JR Ewing

JR Ewing

VIP Member
Nov 9, 2012
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#7
The league is a private entity, and the teams are privately owned. The league and owners can run their businesses and make the rules largely as they see fit - as long as they're not violating any laws or violating players' union rights they can certainly run things as they wish.

The players' protests on the field and in uniform were obviously bad for business. The First Amendment right to protest peacefully only protects people from government retaliation against their protests, not from possible consequences of such protests in the private sector. Perhaps they would be better off protesting on their own time in front of the big city police stations they say are methodically targeting a certain segment of the population for extinction.

Of course many of us could argue whether Kaepernick and others who followed were sincere or were just seeking attention, whether they even understood the facts behind what they claimed to be protesting, and just how intelligent a US millionaire making $19 million a year to throw a football was to be wearing Castro t-shirts and claiming how much better life in Cuba under the Castros was than it is here.
 
monsoon

monsoon

Senior Bacon VIP
Nov 1, 2010
4,017
1,104
#8
Pretty sure "the OP," Kaepernick, plus a few who came later and had camera-time, have stated from the beginning that the protest was inspired by cases where police used more force than a situation warranted. The President has kept hammering away at this to the point where protesters may be adding in more targets, and others may add more groups they think need defending, but Kaep and others were very clear about this from the get-go.
I have a difficult time believing this.
It doesn't make any sense and judge Judy says, if it doesn't make sense, it probably isn't true.
What in the hell does kneeling during the national anthem have to do with the police? Nothing. Kneeling or turning your back on the flag has been a common sign of disrespect for ages. How is anyone watching from the stands or television going to make a giant leap to a protest against some real or imagined issue with police? If he/they wanted to make a statement against police, he can do that in a more direct way. Remember the socks with pigs? Wear some kind of headband like Jim Mcman or wristband, or T shirt post game locker room, whatever.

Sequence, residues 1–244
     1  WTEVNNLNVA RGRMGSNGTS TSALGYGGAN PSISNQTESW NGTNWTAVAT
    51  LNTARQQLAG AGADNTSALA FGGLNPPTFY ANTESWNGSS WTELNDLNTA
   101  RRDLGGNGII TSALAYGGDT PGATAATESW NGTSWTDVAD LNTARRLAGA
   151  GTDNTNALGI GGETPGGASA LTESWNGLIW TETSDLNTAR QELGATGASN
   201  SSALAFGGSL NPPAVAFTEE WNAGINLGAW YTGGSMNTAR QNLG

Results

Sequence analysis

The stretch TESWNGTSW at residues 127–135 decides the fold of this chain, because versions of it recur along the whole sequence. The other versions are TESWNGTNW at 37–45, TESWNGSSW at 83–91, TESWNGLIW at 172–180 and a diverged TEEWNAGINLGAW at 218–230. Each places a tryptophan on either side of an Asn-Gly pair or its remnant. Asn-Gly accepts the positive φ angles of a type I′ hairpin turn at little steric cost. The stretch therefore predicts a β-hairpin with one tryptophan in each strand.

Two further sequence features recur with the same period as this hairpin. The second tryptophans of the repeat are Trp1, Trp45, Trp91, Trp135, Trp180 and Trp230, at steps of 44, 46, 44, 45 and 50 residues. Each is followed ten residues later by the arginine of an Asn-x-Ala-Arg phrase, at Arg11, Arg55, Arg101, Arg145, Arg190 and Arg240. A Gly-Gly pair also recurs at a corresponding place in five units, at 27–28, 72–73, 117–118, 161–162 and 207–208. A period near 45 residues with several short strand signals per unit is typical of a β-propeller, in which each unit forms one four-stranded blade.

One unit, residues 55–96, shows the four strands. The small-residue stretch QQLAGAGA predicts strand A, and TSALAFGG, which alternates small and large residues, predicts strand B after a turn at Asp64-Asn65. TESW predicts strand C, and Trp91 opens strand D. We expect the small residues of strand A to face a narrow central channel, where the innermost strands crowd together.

What happened was anti American, communist wanna be got caught and made up some bull shit to cover, media ran with it and here we are. Turns out it back fired and he blew a career over it. Too bad.
 
S

searay

VIP Member
Dec 20, 2017
310
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#9
people want racism to go away but they keep putting it in the spotlight blaming it for everything that doesn't go there way. keep doing that and it will never end. protesting the flag that replaced the southern flag which was the sign of racism and slavery is stupid/ ignorant. our flag and the national anthem represent the war won against slavery along many other very positive out comes. protesting the American flag / Anthem is a protest against the many men and woman of all colors who lost there lives, limbs, and mental abilities fighting for everyone's freedoms. until you've physically fought that fight you have no right to protest those men and woman.